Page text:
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Clair Global carries DiGiCo SD10s on Meghan Trainor's North American tour

Wed, 05 Oct 2016 14:12

Tony Luna, Mike Fanuele and Meghan Trainor

Two years ago, a catchy little pop ditty titled “All About That Bass” hit the Internet and radio waves. Although some might have assumed a quick, one-hit-wonder- fuelled-by-YouTube ride for writer and singer Meghan Trainor, the video for that song has amassed a staggering 1.6 billion YouTube views and Trainor is now one of the most successful—and influential—women in the music business with six top 15 Billboard Hot 100 hits and a 2016 Grammy Award for Best New Artist. Monitor mix engineer Tony Luna has been with her since her first tour in 2015, and with the recent addition of FOH engineer Mike Fanuele, the two are both riding faders on a pair of DiGiCo SD10 desks.

Pulling on a background that started in the recording studio, Fanuele approaches a mix in a way that might confound some live engineers with most outputs feeding more than one group. “Drums are a good example,” he says. “For instance, the snare and kick each have two mics. But those mics feed a snare group and a kick group, and the actual inputs do not live on the top layer of the SD10. And each of those groups becomes part of a larger drum group.”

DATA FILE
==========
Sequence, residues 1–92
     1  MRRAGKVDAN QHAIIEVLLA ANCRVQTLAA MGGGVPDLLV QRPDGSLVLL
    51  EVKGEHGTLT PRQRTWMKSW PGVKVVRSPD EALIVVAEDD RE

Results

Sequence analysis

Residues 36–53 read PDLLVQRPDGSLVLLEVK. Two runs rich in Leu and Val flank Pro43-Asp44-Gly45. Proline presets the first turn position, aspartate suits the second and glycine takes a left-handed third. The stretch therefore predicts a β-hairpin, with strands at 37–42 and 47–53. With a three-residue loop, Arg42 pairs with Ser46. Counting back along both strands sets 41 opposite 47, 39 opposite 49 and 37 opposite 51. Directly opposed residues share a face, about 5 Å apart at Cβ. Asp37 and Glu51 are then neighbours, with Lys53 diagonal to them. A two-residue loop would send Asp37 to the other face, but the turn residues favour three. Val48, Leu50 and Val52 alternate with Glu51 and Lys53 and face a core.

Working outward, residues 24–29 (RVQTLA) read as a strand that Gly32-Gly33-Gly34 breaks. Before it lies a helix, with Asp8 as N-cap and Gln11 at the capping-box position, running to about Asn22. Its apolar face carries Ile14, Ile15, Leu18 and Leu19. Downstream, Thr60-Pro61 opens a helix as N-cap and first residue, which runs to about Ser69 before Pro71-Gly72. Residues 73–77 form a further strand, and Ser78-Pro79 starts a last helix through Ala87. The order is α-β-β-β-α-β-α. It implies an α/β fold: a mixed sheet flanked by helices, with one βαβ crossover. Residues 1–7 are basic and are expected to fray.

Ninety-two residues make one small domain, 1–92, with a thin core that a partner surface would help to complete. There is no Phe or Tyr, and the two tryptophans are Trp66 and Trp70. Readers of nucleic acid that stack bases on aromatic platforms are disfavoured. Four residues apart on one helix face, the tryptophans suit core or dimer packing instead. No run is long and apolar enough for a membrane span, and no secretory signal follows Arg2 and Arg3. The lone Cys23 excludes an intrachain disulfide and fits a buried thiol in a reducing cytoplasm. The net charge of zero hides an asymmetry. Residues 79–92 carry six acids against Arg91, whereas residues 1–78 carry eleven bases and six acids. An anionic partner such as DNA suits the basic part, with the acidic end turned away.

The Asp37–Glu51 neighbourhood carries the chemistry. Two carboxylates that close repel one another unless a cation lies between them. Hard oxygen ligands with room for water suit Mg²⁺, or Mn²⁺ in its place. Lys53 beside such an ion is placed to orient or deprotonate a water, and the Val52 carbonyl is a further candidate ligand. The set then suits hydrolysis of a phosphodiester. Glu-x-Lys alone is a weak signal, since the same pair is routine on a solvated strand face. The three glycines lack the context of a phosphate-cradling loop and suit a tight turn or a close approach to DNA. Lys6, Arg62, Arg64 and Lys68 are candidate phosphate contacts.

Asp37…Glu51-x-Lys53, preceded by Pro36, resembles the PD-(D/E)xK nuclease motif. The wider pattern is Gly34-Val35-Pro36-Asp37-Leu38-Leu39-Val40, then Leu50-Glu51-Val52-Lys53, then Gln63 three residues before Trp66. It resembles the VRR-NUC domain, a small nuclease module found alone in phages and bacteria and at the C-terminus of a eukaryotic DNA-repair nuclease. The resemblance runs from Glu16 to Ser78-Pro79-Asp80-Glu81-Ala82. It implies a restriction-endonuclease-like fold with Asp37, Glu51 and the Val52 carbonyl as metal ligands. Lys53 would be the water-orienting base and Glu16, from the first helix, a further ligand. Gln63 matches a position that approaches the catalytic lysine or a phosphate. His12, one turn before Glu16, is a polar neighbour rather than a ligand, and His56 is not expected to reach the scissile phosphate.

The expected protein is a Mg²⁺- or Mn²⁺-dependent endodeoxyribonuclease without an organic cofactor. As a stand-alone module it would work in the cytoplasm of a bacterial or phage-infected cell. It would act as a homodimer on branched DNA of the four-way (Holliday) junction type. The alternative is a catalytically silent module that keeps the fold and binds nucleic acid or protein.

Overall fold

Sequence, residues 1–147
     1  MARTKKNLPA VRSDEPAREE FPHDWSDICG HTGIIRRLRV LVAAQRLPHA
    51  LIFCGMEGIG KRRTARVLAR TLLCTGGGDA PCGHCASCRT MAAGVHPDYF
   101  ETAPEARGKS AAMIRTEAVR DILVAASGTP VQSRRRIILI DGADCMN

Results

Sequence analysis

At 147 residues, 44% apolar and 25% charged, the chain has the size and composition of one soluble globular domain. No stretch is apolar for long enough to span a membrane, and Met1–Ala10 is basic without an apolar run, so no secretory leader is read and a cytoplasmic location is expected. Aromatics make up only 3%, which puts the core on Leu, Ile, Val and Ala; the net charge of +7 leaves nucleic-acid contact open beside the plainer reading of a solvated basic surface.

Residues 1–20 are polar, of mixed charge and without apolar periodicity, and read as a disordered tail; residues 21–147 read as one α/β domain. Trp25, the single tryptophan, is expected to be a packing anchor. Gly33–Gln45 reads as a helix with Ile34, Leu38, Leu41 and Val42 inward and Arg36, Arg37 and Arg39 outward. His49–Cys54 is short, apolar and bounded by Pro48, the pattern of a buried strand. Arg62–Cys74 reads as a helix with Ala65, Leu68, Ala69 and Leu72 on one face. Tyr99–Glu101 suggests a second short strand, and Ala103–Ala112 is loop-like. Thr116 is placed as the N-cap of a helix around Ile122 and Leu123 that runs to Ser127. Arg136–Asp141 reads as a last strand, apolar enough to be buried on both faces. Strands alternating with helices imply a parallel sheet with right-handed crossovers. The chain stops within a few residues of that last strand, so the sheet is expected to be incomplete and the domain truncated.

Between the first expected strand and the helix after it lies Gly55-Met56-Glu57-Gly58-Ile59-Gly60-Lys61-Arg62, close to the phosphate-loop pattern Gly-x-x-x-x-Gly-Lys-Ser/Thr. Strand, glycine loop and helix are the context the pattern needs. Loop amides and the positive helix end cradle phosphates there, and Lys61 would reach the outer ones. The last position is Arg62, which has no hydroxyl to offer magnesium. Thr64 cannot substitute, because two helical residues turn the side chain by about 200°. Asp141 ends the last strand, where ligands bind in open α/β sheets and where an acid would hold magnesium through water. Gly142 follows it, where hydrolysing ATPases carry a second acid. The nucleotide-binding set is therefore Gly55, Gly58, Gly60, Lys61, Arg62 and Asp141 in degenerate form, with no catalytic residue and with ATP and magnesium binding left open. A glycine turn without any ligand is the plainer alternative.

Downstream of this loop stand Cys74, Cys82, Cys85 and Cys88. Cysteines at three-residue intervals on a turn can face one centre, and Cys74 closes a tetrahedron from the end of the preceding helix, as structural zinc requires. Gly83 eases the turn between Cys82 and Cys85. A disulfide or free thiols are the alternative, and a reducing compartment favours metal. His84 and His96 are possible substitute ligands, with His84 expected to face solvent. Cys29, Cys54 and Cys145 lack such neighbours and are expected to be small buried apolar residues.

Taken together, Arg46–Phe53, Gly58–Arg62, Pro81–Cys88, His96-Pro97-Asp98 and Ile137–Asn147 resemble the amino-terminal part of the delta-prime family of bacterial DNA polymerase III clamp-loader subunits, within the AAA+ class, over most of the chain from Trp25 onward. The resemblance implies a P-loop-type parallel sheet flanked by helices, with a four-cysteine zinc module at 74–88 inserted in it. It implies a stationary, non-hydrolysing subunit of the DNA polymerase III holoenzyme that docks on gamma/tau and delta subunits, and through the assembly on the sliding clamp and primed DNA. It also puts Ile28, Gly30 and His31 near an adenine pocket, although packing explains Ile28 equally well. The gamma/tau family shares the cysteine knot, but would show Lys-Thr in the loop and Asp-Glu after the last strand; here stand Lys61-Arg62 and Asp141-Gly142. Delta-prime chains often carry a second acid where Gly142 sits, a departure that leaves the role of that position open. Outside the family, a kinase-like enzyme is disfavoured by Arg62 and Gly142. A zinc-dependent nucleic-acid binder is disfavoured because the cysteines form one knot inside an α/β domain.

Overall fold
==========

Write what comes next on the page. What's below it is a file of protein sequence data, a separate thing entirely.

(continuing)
Even approaching the desk as a new platform did not put Fanuele behind and he reports a very little learning curve. “I was out last year with a different desk that had a very high learning curve,” he says. “But having Tony and Nathan McBee from Clair to give me a quick overview, within two hours I had a solid 54-input mix that looked pretty much like it does today.”

Both engineers are using the SD10s paired with a Waves Extreme server and Mercury bundle package. Luna also uses a MacBook Pro running Waves Tracks for virtual playback. The 54 inputs (full band with a horn section) go through Dolby processing, Lab.gruppen amps and Clair’s i3 rig.

Even with that full Waves package, neither engineer is using a lot of plug-ins. For example, Fanuele uses a lot of compressor channels, but most of it is DiGiCo’s on- board processing. “The drums are actually more layered than that,” he describes. “There is a snare group that is treated with just EQ and maybe 2dB of compression. Then the same two mics feed a ‘snare compressed’ group, and the sum of those two groups feeds an overall snare control group. But I’m only using plug-ins—in terms of inputs—on Meghan’s vocal. Everything else—all EQ and compression on inputs—is on the SD10.”

Luna, whose diverse client list includes everyone from Justin Bieber and Alicia Keyes to Five Finger Death Punch and Aerosmith, takes a more straightforward approach. “I’m not even pushing faders,” he notes. “My SD10 is so dialled in that I use two things: the Next button and the fader for the crowd mics. I hit the Next button per scene, rail the crowd mics, Meghan smiles and I know we’re good.”